[ASC-media] BETTER BARLEY BREEDING: Crop Doctor

Brendon Cant brendon at iinet.net.au
Wed Aug 9 03:10:24 CEST 2006


Crop Doctor


BETTER BARLEY BREEDING


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Many WA barley growers, when learning Barley Breeding Australia (BBA)
officially started on July 1, may question the merit of changing a system
that has produced some good varieties, and that at best, life will go on the
same.

 

But there are big expectations that BBA, the name for a new national barley
breeding program, will provide growers better varieties with market demand.

 

As part of the change, six state barley breeding programs will be replaced
by three regionally managed nodes focusing on breeding barley based on
market demand and agronomics, such as rainfall and soil types.

 

In other words, the WA based western node could be breeding barleys for acid
to neutral soils regardless of which state they are ultimately planted.
Similarly, the south eastern node, based in SA, could be breeding for
alkaline to neutral soils found in WA.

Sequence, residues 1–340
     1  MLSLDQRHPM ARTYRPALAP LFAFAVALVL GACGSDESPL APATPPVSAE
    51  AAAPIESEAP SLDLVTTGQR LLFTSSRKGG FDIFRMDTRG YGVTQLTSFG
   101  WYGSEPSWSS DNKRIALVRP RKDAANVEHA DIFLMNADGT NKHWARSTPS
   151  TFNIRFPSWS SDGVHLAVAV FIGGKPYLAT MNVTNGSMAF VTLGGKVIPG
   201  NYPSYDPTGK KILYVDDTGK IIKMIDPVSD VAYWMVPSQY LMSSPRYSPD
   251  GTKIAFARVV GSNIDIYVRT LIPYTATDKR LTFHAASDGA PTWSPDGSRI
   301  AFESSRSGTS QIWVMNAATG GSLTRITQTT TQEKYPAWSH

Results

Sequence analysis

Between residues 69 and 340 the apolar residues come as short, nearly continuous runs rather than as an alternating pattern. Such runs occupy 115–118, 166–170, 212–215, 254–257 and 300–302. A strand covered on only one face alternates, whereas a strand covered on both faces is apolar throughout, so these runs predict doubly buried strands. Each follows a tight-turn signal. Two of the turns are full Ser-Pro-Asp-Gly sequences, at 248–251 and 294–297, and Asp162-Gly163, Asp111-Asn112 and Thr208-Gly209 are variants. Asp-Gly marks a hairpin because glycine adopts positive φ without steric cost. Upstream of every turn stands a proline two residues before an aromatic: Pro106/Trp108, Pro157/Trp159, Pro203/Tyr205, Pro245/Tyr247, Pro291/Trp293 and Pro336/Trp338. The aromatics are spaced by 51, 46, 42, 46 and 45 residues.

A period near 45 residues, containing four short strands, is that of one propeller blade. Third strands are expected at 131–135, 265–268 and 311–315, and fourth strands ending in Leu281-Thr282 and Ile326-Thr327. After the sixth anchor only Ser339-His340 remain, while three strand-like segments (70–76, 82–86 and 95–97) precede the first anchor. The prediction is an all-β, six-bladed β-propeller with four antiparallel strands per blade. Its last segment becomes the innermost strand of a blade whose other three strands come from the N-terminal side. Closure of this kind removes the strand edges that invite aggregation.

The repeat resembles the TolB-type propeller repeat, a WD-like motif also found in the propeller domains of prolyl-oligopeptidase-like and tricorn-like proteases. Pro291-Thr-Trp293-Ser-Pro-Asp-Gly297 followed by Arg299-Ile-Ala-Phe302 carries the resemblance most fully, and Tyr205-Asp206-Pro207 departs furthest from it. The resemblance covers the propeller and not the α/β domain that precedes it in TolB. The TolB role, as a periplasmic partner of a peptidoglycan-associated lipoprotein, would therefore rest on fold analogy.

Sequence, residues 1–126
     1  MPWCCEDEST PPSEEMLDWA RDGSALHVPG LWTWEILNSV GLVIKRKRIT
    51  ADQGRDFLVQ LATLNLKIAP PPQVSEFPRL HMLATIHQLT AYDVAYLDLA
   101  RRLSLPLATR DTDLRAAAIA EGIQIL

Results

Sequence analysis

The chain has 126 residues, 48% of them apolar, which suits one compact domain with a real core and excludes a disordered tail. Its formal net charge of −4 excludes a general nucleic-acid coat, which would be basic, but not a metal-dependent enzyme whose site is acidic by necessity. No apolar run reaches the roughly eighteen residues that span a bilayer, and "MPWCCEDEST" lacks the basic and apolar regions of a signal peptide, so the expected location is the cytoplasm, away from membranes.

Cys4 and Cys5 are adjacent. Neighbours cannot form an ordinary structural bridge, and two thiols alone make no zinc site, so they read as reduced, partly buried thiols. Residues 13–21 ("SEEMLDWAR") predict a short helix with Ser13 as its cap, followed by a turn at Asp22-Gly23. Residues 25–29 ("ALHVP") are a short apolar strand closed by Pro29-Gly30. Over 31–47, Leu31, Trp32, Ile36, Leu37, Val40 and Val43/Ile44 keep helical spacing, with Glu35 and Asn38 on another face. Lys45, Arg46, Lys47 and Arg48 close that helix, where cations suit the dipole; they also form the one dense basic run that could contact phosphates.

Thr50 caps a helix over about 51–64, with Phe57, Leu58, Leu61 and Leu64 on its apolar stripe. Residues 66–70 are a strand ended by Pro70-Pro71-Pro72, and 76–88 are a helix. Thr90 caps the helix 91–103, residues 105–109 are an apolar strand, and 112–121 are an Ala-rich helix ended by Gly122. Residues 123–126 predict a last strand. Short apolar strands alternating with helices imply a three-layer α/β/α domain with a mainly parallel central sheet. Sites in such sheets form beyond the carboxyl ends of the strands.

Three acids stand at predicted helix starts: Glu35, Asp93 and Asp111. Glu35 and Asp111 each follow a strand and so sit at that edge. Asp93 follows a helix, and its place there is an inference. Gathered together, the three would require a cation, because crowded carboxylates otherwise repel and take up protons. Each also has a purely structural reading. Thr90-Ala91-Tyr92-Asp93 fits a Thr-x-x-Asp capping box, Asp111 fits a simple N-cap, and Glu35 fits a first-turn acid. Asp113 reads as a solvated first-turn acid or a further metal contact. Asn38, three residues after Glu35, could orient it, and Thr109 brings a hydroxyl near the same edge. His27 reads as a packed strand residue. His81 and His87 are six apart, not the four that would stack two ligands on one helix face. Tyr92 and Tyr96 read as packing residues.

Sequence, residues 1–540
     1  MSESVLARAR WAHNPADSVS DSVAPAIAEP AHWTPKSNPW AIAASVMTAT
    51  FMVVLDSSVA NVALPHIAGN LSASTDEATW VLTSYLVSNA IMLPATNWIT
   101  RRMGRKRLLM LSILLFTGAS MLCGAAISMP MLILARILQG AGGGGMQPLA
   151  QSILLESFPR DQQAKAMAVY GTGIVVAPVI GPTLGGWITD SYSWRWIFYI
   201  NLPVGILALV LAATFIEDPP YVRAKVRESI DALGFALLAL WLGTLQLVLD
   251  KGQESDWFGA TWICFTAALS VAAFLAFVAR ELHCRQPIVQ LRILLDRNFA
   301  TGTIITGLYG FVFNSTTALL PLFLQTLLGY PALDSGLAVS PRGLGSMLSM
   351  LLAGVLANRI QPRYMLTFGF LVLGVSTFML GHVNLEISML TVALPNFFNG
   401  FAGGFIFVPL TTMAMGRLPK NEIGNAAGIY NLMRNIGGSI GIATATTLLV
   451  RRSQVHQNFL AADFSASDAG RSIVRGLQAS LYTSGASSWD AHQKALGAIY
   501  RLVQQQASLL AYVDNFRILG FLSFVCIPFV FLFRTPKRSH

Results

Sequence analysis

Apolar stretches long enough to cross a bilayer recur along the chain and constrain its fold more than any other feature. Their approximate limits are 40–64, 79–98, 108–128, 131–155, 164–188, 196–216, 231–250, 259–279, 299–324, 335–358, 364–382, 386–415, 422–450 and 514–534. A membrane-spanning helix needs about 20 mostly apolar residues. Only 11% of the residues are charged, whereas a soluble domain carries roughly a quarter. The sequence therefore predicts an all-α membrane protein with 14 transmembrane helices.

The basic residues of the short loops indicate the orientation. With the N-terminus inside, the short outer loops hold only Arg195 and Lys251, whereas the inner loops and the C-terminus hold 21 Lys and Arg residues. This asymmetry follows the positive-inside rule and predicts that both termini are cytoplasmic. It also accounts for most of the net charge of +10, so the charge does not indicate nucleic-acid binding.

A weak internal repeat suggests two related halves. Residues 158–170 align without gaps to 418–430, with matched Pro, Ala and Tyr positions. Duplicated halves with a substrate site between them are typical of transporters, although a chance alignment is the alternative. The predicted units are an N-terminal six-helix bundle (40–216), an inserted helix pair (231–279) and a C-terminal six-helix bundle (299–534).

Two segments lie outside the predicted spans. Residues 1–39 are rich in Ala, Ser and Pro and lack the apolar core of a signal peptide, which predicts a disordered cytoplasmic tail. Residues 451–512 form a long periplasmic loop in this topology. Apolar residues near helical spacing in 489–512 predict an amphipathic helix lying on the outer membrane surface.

Australia's 8 million tonne barley industry needs to significantly increase
production, lifting average yields from 2.1 t/ha to 2.6 t/ha and expanding
the growing area from 3.8 million hectares to above 5Mha to satisfy demand
projected in 2020.

 

To ensure it gets the market end of the barley breeding equation right BBA
will consult with peak industry body Barley Australia, which includes
maltsters, marketers and bulk handlers.

 

A whole of industry approach to barley breeding will not only bring in
national expertise but also ensure WA’s export customers receive the barley
they want and, in turn, enable their customers to provide a consistent
product.

 

The Department of Agriculture and Food will manage the western node,
University of Adelaide the south eastern and Queensland Department of
Primary Industries and Fisheries the northern.

 

These agencies will also be represented on the BBA advisory board along with
the Grains Research and Development Corporation and NSW and Victorian
Department of Primary Industries.

 

The final outcome of BBA should be better targeted barley breeding to ensure
Australia’s barleys are preferentially demanded by markets, which is what it
is all about.

 

While life may go on the same, this system will make a good one even better.

www.grdc.com.au


The Crop Doctor is GRDC Managing Director, Peter Reading, Tel 02 6272 5525


Further Information: Leecia Angus, Tel 02 6272 5525

 

Brendon Cant & Associates
Public Relations & Marketing 
Suite 5
4 Gugeri St
Claremont WA 6010
Tel 08 9384 1122



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